You have quite a large cast of important characters in the novel: Mitsuko; police inspector Takeda; punk writer Reizo Shiga; young Xavier Douterloigne, returning to Hiroshima from Belgium to investigate his sister's death; German photographer Beate Becht; and possibly Yori the street girl ... and hovering behind them all is Mitsuko's monstrous father, the sinister figure known as Rokurobei.
You have also crammed it with vivid and disturbing events: in the first 30 pages we get pregnant Mitsuko's terrified escape from the ruined island where her father has kept her imprisoned all her life; the kidnap or murder of her newborn baby while she is under anaesthetic; the discovery of a hideously deformed dead baby beneath the Peace Monument in Hiroshima; and the murder by gas poisoning of security and police officers at the Dai-Ichi-Kangyo bank.
Whether you are presenting characters or events, you write with a cogency that tells us these are all linked by history: everything happening in the 'present' time of 1995 relates in some fateful way to the date on which Hiroshima was destroyed exactly fifty years before. With a chapter for each fairly short scene, you use the narrative technique of juxtaposition to allow one event or character to comment on another: for instance, the reader is bound to wonder, with horror, whether the dead baby under the monument (which you describe in excruciating detail!) might somehow be Mitsuko's own ...
It's a very effective technique but also very demanding on reader and author. To avoid feeling bombarded by events, the reader needs to feel strongly attached to one or more characters and avid to follow their story through the book. For this reader, you have already achieved a sympathy with Mitsuko and I sense that you will build one with Inspector Takeda, particularly when they begin to interact. Only you can gauge when it is necessary for your readers to get close to characters and when you can afford to distance, even alienate them.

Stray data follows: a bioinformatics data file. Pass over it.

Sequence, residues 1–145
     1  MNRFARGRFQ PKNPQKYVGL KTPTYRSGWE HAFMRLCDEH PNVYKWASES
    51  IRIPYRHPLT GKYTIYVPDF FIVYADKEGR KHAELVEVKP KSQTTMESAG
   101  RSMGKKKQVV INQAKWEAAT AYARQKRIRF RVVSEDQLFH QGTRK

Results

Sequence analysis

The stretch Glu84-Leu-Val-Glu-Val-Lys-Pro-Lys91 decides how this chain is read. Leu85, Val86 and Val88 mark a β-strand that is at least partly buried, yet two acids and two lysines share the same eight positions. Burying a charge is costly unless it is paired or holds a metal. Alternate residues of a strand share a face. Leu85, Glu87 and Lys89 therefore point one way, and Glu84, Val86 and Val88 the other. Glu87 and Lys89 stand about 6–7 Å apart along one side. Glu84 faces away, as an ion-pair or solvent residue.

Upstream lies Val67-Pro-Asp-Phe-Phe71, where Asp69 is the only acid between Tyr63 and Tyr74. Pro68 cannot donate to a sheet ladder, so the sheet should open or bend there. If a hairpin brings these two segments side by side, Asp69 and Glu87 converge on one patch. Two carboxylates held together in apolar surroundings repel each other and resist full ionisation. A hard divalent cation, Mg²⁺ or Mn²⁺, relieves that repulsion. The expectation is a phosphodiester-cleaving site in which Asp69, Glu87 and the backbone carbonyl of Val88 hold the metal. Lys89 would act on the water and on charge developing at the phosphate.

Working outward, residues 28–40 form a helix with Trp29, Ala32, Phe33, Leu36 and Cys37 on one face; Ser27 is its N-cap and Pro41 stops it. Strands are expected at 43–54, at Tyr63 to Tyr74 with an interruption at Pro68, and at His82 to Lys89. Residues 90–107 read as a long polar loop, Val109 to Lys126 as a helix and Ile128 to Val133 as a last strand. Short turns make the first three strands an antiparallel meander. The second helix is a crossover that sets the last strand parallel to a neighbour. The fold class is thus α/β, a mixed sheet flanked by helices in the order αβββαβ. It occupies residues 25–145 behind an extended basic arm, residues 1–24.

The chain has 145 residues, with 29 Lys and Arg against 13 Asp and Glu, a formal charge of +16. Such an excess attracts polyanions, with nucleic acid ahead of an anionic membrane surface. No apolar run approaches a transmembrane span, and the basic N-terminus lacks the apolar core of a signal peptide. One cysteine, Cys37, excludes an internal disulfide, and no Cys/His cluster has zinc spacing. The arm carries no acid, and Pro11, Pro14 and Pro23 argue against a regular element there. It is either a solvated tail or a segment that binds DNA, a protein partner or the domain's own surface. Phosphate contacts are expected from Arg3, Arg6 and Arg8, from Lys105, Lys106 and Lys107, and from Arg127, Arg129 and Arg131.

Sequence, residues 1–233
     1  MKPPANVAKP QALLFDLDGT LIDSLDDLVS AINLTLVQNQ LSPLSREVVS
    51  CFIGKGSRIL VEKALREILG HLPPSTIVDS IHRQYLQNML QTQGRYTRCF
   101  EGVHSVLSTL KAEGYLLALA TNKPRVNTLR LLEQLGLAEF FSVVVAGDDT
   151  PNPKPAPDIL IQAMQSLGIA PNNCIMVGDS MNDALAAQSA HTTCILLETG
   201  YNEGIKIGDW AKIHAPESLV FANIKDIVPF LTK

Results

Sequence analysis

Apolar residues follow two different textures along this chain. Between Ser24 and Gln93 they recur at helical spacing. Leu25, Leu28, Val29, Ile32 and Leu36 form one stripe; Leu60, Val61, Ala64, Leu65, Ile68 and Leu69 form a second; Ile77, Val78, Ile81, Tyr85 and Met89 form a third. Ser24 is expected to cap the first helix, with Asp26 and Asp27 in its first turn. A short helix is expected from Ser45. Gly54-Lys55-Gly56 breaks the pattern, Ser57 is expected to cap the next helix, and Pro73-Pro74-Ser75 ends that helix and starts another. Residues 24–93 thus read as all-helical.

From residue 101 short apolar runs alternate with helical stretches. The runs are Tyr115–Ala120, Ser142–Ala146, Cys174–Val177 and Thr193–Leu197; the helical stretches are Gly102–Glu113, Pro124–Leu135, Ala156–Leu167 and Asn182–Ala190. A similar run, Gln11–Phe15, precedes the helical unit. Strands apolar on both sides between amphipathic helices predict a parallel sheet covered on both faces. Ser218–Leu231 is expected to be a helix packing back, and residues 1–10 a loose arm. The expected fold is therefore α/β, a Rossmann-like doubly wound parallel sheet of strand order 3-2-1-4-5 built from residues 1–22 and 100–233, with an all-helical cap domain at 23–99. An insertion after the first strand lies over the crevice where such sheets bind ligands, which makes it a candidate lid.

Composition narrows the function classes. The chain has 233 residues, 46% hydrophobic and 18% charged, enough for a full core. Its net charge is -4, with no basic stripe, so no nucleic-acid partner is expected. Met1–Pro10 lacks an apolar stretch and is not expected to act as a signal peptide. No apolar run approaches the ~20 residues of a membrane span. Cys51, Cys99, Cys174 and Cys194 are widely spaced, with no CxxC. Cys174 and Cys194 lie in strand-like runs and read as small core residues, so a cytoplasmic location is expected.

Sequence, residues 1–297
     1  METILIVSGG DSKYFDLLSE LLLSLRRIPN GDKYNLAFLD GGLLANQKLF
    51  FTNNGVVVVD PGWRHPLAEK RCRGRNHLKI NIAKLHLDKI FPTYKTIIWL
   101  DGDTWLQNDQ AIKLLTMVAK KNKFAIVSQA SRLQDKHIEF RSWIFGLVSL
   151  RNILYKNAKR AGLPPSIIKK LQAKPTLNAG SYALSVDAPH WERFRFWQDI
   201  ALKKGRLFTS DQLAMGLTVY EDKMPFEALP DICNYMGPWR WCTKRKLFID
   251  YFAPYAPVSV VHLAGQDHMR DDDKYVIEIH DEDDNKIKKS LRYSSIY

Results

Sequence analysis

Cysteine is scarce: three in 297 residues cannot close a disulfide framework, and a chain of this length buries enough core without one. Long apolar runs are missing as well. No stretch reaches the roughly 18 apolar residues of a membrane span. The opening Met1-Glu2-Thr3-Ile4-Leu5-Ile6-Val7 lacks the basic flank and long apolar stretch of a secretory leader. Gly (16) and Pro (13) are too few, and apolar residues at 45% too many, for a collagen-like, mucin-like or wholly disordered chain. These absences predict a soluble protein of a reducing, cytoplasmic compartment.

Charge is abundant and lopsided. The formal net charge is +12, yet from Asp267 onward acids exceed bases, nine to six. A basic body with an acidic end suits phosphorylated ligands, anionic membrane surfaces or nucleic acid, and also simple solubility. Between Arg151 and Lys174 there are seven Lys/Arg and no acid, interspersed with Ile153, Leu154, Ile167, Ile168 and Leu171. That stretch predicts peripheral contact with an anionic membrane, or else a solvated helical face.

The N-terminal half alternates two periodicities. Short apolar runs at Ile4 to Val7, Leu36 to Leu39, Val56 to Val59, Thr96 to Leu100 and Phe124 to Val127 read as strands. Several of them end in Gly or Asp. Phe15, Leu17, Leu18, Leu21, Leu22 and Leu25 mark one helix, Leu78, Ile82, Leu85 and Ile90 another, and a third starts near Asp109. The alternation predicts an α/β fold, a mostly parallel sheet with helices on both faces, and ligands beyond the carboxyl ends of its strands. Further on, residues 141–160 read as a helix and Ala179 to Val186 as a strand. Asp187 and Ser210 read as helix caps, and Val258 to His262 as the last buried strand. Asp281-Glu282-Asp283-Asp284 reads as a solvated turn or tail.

The beauty of this technique in your hands is that it is congruent with your prose, which pulsates with extraordinary light. You link contrasting (even contradictory) words and ideas to create sentences charged with unexpected meaning. The effect is sometimes that of haiku: for instance, Mitsuko's extraordinary musing about her lost baby: The creature was tiny and kind. It understood. It forgave. It was a universe of comfort. For a small scrap of humanity to be present as a universe in its mother's mind is poignant and profound.
Your book is built on contrasts (for instance between harsh outward realities and inner tenderness) and your writing reflects these with haunting effect. The passage about Mitsuko's love of books is bound to strike other readers as it did me. What an electric conjunction of thought and feeling you provide in a single sentence about the island: It was a place that left you short of breath because of the secrecy it exuded.
Much of what you tell us in this book is confronting. It is also shot through with a silver thread of compassion. The message of your book seems to be that the past holds cruel secrets, and every return to Hiroshima reveals terrible facets of the truth that are still affecting Japan and the world. It's important to manage these contrasts and contradictions so that you can guide your reader through to the conclusion that means most to you.
Since this is translated from your language (Walloon?), I must make mention of the English translation, which positively shimmers. Translation is one of my interests and in my opinion Brian Doyle is to be congratulated for his beautiful rendition of your very distinctive prose. This is no doubt a first version and there are one or two phrases that you'll be revising. For instance, if Mitsuko cannot decipher the doctor's glance at the end of the extract, it would not be 'unambiguous'.
This is an ambitious novel. It's a police procedural, a haunting thriller and the philosophical exploration of a very dark side of human life. As anyone can see from this extract, it's also written by a virtuoso. I'm sure this novel is going places and I wish you a splendid journey with it.